The key takeaways from ISBA’s annual conference

ISBA held its annual conference yesterday (9 March) with hot issues including ad blocking, the government’s obesity strategy and the rise of vloggers all high on the agenda.

Speaking at the event, ISBA president and Britvic CEO Simon Litherland called on the industry to come together to tackle the various challenges facing the ad industry. He highlighted that trust in advertising remains “very low” among consumers, while the economic and political landscape are both leading to uncertainty over future growth and consumer spending power.

“There will be no let up on pressures in 2016,” he said.

The industry must collaborate

Litherland highlighted a range of issues that will need cross-industry collaboration. One in particular that impacts his business, Britvic, is the government’s obesity strategy. Although this has been delayed until the summer, Litherland said it would be important “for all of us” because brands are able to make a real difference in promoting behavioural change.

“We need a holistic approach,” he said. “Advertising is not a driver of obesity. But advertising can promote behaviour change. Brands can reduce the sugar and calorie content of their products.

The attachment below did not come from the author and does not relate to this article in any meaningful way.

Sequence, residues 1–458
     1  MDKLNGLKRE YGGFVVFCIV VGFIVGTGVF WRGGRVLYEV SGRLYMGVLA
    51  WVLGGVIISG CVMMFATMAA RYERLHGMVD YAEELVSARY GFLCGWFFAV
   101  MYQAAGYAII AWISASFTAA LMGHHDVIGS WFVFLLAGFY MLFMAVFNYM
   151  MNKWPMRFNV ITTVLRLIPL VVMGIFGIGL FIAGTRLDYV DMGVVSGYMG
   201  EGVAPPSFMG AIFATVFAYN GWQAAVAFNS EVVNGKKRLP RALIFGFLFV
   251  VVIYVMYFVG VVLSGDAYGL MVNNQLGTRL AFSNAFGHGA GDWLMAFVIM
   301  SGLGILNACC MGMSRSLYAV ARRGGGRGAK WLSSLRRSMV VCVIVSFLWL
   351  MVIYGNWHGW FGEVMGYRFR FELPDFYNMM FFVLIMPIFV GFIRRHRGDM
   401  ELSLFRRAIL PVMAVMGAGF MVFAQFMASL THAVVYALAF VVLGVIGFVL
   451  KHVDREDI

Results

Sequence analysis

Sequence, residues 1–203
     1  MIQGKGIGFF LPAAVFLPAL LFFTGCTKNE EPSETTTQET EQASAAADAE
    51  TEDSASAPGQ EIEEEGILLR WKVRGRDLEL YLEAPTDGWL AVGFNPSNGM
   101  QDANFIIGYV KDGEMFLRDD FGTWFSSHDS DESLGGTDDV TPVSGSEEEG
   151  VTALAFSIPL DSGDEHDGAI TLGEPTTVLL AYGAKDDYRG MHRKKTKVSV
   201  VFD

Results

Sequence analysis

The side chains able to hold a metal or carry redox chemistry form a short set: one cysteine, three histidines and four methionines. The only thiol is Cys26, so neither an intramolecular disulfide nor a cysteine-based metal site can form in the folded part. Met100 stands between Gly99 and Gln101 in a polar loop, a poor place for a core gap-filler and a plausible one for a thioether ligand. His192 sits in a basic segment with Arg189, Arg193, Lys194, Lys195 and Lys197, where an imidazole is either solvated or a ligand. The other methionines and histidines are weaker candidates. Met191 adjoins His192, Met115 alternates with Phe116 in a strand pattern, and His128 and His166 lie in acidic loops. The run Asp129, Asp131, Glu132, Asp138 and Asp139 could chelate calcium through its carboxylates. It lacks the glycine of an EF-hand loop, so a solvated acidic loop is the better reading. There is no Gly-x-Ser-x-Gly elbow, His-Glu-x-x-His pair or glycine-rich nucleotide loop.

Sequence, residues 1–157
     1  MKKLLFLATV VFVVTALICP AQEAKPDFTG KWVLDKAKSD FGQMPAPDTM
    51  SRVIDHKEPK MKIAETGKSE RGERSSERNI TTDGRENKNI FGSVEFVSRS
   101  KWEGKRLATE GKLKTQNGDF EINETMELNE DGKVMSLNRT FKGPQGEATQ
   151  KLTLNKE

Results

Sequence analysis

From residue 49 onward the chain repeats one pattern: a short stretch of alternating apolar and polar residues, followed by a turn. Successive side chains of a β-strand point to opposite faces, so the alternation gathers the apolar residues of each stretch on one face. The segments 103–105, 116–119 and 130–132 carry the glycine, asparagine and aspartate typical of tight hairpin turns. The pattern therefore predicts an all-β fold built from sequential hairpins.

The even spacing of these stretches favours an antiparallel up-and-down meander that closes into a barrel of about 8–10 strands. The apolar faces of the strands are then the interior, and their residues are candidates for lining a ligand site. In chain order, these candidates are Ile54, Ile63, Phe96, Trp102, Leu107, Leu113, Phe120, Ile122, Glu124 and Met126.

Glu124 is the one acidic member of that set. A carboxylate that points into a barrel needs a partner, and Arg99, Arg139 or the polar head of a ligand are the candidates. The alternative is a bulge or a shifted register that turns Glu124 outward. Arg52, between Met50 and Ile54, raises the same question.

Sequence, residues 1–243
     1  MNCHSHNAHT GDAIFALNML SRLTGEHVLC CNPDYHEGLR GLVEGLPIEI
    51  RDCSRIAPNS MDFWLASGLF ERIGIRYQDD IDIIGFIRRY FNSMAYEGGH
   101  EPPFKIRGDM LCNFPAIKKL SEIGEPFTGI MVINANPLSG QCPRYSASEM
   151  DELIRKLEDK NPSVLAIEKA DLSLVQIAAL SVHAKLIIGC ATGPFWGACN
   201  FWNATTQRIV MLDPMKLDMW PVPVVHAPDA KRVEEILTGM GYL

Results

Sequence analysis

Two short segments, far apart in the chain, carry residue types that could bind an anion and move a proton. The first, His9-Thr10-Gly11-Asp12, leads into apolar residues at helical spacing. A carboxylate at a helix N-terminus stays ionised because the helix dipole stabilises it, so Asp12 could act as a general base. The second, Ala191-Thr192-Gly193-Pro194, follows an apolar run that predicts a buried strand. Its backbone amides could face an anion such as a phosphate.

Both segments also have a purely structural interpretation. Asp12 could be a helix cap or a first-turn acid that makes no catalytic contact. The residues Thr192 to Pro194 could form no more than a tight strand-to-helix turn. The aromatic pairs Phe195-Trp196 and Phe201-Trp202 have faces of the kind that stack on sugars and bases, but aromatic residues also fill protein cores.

“More progress is needed and a commitment to a collaborative approach.”

On some of the issues facing digital advertising – ad fraud, online brand safety, data use and viewability – Litherland also called for cross-industry initiatives. He said that while ad blocking is a “fundamental challenge” to the marketing industry, it can be addressed with a pan-industry initiative.

“There is a cluster of significant issues that signal a significant workload is ahead. And all players must play their part in addressing them,” he concluded.

The government wants to play its part

Culture secretary John Whittingdale has been vocal in his criticism of ad blocking and he reiterated these views at the conference, calling companies that run ad blockers “modern day Al Capones” for a business model that sees publishers able to pay to appear on whitelists.

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The culture secretary described ad blockers as “modern day Al Capones” during the annual ISBA conference

He believes there are parallels between ad blocking and piracy, including the ways to tackle it. He said the industry needs to work on educating people and communicating the message that people can’t have something for nothing and on making ads more attractive and less annoying.

There will also be help from government, he said, as he proposed a roundtable to get all the players in the industry talking about the solution.

“Online there is an extraordinary range of services available – newspapers, apps, search engines. Google, Facebook and YouTube are part of everyday life and are all available to consumers for free, people don’t expect to have to pay for them,” said Whittingdale.

“But they have to understand that that content is the consequence of huge creativity and hard work and people have to be rewarded for it. That message needs to be more widely understood.”